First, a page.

Game theory is an area of Economics that is increasingly used to explain many situations where strategic thinking and action is involved. It is “the formal study of decision-making where several players must make choices that potentially affect the interests of the other players” (von Stengel & Turocy). It is an area study which has led to a number of Nobel prizes over the years, including John Nash who was the subject of the film A Beautiful Mind (2001). Game theory has many applications both in and out of Economics, with people using to explain issues relating to dating, cycling and military strategy.
When we were defining oligopolies, one of the main characteristics we mentioned was interdependent behaviour. As a result oligopolistic firms are often involved in strategic decisions and game theory can be applied to many situations to explain the behaviour of the firms. The area within game theory which we look at in the course is called the simple prisoner’s dilemma. This describes the situation where the two players both undertake an action that, although it is in their personal interest, does not lead to what may be the ‘best’outcome from the collective viewpoint.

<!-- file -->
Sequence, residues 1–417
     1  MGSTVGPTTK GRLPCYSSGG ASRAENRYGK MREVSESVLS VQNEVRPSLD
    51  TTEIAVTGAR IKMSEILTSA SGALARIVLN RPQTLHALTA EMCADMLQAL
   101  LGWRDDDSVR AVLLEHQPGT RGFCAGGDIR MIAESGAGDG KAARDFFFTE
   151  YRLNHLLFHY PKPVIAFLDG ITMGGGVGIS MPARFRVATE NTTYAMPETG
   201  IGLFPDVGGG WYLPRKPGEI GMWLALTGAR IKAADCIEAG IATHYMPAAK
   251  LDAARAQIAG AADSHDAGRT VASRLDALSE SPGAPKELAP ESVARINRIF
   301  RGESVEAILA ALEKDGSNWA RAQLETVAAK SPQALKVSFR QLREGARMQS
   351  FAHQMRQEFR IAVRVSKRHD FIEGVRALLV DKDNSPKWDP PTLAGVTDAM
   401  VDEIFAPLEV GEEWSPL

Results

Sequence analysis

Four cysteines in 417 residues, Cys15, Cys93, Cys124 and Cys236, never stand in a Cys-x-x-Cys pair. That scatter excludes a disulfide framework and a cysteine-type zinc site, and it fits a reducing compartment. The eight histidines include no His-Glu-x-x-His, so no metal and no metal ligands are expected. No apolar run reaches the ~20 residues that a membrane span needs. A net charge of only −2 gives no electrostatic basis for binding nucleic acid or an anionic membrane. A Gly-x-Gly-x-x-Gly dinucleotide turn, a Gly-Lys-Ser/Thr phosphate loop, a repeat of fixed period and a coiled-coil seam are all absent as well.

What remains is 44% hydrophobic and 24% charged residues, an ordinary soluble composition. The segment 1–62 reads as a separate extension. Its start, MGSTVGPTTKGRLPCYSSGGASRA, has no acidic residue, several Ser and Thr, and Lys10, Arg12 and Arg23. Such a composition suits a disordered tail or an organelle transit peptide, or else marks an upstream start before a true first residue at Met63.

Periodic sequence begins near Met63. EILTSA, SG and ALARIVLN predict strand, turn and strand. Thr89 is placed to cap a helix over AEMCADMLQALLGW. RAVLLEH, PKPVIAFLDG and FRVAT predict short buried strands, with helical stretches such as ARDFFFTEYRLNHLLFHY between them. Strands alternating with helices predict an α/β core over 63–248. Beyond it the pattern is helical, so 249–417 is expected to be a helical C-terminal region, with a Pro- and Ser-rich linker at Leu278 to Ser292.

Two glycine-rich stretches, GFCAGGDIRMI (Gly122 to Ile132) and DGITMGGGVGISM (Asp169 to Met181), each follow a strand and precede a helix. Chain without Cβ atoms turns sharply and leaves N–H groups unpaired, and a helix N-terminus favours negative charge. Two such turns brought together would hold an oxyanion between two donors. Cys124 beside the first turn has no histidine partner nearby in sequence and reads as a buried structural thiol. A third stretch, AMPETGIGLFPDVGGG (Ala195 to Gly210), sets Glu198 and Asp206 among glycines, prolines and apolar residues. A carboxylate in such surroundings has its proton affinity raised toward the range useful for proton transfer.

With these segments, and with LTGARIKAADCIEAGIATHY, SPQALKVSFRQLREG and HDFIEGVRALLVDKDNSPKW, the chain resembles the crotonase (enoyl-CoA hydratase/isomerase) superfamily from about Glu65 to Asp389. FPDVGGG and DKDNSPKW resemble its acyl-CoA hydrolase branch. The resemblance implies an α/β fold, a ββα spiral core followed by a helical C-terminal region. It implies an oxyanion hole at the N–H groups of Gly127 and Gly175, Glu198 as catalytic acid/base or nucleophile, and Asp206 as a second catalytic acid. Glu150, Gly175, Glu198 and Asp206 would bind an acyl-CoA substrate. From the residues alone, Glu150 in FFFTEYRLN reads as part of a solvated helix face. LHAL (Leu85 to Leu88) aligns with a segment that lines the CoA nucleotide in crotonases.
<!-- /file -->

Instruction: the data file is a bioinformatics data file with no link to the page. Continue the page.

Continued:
Here are also a number of useful video explanations on the topic.
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